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I have a lot of records in table. When I execute the following query it takes a lot of time. How can I improve the performance?

SET ROWCOUNT 10
SELECT StxnID
      ,Sprovider.description as SProvider
      ,txnID
      ,Request
      ,Raw
      ,Status
      ,txnBal
      ,Stxn.CreatedBy
      ,Stxn.CreatedOn
      ,Stxn.ModifiedBy
      ,Stxn.ModifiedOn
      ,Stxn.isDeleted
  FROM Stxn,Sprovider
  WHERE Stxn.SproviderID = SProvider.Sproviderid
  AND Stxn.SProviderid = ISNULL(@pSProviderID,Stxn.SProviderid)
  AND Stxn.status = ISNULL(@pStatus,Stxn.status)
  AND Stxn.CreatedOn BETWEEN ISNULL(@pStartDate,getdate()-1) and  ISNULL(@pEndDate,getdate())
  AND Stxn.CreatedBy = ISNULL(@pSellerId,Stxn.CreatedBy)  
  ORDER BY StxnID DESC

The stxn table has more than 100,000 records.

The query is run from a report viewer in asp.net c#.

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5  
Its gonna be hard without knowing how is you table, indexes and so on. Please consider showing us the execution plan also. –  Rafael Colucci Jul 29 '11 at 16:39
    
What version of SQL Server? –  Aaron Bertrand Jul 29 '11 at 16:41
    
i make store procedure. and i use data set to retrieve to store procedure. –  chetan singhal Jul 29 '11 at 16:41
    
Are you using indices? –  svanryckeghem Jul 29 '11 at 16:42
    
And you have a number of relevant indicies? Don't know about the join optimization difference between using the comma-separated from clause and a standard join (I'd change that anyways, and put the join criteria in the on clause - future generations will thank you). Also, what is your expected time v. the real time? –  Clockwork-Muse Jul 29 '11 at 16:43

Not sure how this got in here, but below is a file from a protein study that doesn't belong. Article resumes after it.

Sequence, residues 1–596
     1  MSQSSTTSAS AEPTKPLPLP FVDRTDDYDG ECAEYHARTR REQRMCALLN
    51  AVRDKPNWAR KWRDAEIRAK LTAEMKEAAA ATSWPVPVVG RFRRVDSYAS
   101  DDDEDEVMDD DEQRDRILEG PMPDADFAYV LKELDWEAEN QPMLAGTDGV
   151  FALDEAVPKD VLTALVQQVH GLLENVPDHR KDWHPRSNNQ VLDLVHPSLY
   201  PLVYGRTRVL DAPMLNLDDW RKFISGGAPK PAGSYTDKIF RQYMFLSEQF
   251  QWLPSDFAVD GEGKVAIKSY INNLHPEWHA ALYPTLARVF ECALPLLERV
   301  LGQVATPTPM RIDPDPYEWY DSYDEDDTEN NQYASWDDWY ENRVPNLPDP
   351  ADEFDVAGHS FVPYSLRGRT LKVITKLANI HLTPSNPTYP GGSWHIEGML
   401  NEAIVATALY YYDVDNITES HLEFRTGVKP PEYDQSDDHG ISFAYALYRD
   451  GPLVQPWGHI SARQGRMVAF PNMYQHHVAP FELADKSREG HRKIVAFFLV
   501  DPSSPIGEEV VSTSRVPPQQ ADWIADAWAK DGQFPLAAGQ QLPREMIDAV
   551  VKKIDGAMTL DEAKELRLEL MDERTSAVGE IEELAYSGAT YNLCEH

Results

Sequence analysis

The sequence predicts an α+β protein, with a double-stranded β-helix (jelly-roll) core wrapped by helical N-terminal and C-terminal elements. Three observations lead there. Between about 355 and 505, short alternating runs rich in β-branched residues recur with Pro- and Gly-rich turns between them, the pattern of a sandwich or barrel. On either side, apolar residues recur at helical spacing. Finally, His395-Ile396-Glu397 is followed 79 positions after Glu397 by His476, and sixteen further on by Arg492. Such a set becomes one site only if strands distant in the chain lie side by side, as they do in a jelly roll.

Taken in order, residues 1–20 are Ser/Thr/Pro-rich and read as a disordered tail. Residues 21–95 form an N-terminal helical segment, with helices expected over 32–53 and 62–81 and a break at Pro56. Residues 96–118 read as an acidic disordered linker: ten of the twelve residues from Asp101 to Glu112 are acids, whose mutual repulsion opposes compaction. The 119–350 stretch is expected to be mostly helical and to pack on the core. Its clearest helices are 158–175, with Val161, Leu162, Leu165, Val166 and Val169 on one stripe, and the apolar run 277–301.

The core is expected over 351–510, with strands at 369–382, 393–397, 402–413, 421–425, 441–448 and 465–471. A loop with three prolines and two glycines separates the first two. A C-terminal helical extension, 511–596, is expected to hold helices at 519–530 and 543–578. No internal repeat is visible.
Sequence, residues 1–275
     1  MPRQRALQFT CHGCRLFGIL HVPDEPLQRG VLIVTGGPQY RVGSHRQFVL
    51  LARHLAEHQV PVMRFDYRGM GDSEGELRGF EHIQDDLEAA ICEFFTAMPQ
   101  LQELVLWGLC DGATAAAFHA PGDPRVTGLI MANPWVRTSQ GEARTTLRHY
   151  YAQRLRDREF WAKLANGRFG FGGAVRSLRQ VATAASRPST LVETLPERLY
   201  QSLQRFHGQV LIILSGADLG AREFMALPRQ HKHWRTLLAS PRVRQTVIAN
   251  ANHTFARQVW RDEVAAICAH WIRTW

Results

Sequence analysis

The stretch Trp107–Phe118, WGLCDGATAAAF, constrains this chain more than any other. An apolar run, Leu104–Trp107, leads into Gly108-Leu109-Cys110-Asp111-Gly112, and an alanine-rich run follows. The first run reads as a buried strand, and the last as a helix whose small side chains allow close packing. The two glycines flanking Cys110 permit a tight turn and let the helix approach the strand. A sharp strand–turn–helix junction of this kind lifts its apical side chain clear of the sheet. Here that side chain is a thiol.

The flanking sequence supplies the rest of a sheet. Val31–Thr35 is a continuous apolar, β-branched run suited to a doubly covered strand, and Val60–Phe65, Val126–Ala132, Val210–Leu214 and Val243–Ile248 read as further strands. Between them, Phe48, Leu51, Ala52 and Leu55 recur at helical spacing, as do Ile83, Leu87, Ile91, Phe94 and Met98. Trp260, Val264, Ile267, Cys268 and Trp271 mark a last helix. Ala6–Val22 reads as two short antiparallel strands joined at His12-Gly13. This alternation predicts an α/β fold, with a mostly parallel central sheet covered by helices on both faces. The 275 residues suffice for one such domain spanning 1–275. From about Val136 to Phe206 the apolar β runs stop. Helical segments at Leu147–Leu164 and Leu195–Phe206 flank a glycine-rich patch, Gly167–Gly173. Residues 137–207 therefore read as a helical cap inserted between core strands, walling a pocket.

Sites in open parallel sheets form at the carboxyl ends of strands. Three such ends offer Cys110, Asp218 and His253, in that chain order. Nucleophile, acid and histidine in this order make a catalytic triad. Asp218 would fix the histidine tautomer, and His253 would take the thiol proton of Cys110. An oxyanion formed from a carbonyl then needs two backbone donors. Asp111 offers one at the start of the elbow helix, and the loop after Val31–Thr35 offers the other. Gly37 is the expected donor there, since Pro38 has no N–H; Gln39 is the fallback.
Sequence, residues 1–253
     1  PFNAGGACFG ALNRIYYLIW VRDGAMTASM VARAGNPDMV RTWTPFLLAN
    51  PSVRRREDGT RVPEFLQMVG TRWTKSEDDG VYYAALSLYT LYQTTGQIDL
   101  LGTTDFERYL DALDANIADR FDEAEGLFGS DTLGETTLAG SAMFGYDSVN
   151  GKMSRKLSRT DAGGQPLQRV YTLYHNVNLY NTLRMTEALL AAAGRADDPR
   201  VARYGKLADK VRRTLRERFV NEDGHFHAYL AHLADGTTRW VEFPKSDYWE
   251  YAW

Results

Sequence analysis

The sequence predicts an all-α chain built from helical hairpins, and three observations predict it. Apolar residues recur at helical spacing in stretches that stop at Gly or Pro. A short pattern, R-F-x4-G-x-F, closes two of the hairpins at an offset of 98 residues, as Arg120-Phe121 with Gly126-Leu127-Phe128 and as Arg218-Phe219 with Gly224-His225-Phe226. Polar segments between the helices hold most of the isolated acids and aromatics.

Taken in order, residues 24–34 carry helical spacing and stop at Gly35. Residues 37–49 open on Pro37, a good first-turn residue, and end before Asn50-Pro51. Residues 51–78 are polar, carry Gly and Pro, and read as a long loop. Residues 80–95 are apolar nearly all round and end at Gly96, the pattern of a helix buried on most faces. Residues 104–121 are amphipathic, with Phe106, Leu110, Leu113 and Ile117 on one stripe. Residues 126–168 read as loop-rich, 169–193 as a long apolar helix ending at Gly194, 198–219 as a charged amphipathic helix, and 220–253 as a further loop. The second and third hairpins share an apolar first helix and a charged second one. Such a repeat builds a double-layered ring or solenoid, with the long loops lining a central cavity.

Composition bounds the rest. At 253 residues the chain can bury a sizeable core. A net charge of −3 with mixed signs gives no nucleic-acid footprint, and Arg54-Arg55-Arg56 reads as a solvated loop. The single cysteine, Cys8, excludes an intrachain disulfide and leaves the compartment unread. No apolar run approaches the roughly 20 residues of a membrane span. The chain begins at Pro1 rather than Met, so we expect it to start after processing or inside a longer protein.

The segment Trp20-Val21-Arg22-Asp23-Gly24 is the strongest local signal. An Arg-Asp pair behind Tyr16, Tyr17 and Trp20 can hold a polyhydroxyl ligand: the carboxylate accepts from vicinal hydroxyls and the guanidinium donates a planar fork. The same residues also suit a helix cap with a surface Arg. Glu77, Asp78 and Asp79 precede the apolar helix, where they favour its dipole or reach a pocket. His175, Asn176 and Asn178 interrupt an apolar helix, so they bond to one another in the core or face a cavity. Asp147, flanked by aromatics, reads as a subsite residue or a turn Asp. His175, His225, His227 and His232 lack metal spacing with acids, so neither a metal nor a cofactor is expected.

8 Answers 8

This is my go-to article when I'm trying to do a search query that has several search conditions which might be optional.

http://www.sommarskog.se/dyn-search-2008.html

The biggest problem with your query is the column=ISNULL(@column, column) syntax. MSSQL won't use an index for that. Consider changing it to (column = @column AND @column IS NOT NULL)

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You should consider using the execution plan and look for missing indexes. Also, how long it takes to execute? What is slow for you?

Maybe you could also not return so many rows, but that is just a guess. Actually we need to see your table and indexes plus the execution plan.

Check sql-tuning-tutorial

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For one, use SELECT TOP () instead of SET ROWCOUNT - the optimizer will have a much better chance that way. Another suggestion is to use a proper inner join instead of potentially ending up with a cartesian product using the old style table,table join syntax (this is not the case here but it can happen much easier with the old syntax). Should be:

...
FROM Stxn INNER JOIN Sprovider
  ON Stxn.SproviderID = SProvider.Sproviderid
...

And if you think 100K rows is a lot, or that this volume is a reason for slowness, you're sorely mistaken. Most likely you have really poor indexing strategies in place, possibly some parameter sniffing, possibly some implicit conversions... hard to tell without understanding the data types, indexes and seeing the plan.

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+1 for recommending using the proper JOIN syntax. –  bluefeet Jul 29 '11 at 16:48

There are a lot of things that could impact the performance of query. Although 100k records really isn't all that many.

Items to consider (in no particular order)

Hardware:

  1. Is SQL Server memory constrained? In other words, does it have enough RAM to do its job? If it is swapping memory to disk, then this is a sure sign that you need an upgrade.
  2. Is the machine disk constrained. In other words, are the drives fast enough to keep up with the queries you need to run? If it's memory constrained, then disk speed becomes a larger factor.
  3. Is the machine processor constrained? For example, when you execute the query does the processor spike for long periods of time? Or, are there already lots of other queries running that are taking resources away from yours...